Abstract

http://ssrn.com/abstract=707301
 
 

Citations (2)



 
 

Footnotes (6)



 


 



Virtual Power Politics


James Grimmelmann


Cornell Law School; Cornell Tech

April 19, 2005


Abstract:     
Every decision made by the designers of a virtual world game is a political decision. Every debate over the rules and every change to the software is political. When players talk about the rules, they are practicing politics. Once you know to look for virtual politics, they're everywhere.

Designers are the governments of these virtual worlds. Like real governments, they make the laws under which citizens must live. And like real governments, they are accountable, after a fashion, to their constituents. Players use designers as agents, employing them to make and enforce the collective decisions that need to be made to make a virtual world function well. Designers focus the diffuse (and conflicted) will of the players into something actionable: software. More importantly, almost every design decision - even a seemingly uncontested one - has winners and losers.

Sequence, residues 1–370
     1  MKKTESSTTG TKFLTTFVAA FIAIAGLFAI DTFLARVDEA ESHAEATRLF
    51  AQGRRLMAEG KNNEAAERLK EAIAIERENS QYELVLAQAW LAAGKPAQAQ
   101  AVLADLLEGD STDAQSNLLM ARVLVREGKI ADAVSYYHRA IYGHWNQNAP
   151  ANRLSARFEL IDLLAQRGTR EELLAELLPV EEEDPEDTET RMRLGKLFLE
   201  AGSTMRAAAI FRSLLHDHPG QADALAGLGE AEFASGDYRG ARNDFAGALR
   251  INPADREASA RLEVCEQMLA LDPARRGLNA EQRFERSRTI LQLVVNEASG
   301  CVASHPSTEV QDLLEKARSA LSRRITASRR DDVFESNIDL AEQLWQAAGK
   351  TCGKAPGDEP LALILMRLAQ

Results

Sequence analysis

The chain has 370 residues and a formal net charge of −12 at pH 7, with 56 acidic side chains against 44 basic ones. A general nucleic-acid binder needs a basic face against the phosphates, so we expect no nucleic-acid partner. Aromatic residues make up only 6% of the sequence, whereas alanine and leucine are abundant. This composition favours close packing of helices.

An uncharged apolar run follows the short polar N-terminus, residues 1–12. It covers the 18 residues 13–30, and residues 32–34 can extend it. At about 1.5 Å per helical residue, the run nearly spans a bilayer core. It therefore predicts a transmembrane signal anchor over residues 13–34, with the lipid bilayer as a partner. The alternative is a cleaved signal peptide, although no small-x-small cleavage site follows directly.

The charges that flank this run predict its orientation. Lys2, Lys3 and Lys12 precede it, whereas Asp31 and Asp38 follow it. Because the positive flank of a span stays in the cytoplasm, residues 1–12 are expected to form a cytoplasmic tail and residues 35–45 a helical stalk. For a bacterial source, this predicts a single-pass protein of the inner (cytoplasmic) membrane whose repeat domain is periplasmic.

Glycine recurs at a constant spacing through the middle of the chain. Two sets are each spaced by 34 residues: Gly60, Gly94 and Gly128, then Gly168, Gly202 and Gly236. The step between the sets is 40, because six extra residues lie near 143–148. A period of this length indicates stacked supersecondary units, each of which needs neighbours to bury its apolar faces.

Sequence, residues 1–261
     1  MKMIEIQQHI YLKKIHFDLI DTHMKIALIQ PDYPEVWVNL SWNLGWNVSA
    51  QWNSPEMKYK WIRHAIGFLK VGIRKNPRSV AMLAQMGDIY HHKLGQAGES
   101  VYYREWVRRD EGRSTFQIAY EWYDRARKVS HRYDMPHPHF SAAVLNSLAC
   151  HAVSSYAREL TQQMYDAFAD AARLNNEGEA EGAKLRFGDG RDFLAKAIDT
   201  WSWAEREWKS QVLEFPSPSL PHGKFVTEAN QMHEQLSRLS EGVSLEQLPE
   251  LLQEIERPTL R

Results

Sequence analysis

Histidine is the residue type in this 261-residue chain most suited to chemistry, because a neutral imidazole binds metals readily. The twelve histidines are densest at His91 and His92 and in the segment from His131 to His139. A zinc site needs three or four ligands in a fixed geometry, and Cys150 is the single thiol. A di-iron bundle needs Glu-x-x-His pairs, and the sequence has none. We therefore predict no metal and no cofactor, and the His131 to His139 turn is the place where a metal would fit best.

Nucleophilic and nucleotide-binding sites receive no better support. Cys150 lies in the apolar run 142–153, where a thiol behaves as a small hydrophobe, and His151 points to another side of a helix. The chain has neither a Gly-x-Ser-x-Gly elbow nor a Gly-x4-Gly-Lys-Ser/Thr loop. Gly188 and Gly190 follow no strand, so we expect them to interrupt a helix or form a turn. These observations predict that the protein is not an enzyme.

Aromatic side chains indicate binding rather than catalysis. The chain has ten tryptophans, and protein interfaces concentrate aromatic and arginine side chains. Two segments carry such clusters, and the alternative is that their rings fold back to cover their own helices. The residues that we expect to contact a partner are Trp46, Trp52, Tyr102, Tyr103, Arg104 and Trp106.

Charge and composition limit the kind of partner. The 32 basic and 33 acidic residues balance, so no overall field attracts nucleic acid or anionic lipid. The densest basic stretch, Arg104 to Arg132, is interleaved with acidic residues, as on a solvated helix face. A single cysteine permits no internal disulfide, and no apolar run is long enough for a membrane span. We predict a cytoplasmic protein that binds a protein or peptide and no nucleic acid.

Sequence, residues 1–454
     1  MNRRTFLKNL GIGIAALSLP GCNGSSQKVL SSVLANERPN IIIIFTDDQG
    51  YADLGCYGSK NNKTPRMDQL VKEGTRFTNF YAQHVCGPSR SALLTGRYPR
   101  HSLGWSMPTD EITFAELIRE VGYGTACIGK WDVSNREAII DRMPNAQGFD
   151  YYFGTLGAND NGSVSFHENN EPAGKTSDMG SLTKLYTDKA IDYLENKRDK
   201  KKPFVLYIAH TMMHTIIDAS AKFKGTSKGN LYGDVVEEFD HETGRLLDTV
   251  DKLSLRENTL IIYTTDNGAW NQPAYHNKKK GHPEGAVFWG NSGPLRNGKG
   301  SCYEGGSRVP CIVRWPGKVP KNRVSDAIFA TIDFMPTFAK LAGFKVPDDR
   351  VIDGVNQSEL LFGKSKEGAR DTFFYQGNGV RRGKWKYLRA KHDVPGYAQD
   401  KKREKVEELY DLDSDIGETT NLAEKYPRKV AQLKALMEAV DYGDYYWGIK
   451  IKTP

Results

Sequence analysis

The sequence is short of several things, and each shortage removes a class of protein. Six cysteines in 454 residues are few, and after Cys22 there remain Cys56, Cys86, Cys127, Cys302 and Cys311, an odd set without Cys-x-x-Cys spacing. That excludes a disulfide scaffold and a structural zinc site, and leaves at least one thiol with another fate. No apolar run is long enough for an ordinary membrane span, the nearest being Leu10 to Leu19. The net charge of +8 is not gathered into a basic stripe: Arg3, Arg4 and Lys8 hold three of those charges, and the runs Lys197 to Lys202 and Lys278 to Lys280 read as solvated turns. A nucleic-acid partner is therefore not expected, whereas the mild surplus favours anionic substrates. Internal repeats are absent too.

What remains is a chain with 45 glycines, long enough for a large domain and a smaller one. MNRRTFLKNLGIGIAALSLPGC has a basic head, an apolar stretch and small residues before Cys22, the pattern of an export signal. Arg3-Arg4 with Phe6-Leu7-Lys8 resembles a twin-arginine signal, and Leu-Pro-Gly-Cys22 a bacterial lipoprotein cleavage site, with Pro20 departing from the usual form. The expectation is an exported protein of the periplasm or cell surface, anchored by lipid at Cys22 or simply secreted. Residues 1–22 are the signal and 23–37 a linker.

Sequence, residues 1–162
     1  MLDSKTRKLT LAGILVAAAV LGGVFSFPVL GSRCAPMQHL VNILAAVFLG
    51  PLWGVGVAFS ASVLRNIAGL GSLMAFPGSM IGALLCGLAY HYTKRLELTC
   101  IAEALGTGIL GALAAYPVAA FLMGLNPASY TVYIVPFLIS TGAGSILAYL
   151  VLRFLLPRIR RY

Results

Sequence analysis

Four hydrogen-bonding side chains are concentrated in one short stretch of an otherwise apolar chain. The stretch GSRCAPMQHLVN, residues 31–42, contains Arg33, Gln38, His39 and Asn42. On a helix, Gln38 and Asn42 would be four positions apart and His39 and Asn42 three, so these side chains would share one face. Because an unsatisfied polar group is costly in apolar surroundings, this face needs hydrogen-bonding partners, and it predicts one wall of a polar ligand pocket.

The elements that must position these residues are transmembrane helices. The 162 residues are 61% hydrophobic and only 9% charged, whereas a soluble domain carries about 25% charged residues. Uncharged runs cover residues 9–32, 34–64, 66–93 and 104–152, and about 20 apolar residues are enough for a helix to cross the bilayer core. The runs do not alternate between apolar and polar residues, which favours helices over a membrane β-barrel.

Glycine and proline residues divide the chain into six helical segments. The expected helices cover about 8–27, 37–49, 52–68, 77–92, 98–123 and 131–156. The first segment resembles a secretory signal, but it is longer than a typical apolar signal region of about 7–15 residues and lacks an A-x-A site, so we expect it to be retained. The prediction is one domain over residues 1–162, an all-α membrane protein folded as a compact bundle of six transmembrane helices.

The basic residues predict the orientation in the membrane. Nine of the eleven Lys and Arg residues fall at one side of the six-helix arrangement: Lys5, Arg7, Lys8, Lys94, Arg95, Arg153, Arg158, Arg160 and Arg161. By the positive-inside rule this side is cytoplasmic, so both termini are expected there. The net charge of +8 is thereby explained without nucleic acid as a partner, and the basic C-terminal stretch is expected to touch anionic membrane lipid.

Number of Pages in PDF File: 9

Keywords: Virtual worlds, cyberlaw

JEL Classification: K10


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Date posted: April 26, 2005  

Suggested Citation

Grimmelmann, James, Virtual Power Politics (April 19, 2005). Available at SSRN: http://ssrn.com/abstract=707301 or http://dx.doi.org/10.2139/ssrn.707301

Contact Information

James Grimmelmann (Contact Author)
Cornell Law School ( email )
Myron Taylor Hall
Cornell University
Ithaca, NY 14853-4901
United States
Cornell Tech ( email )
111 8th Avenue #302
New York, NY 10011
United States
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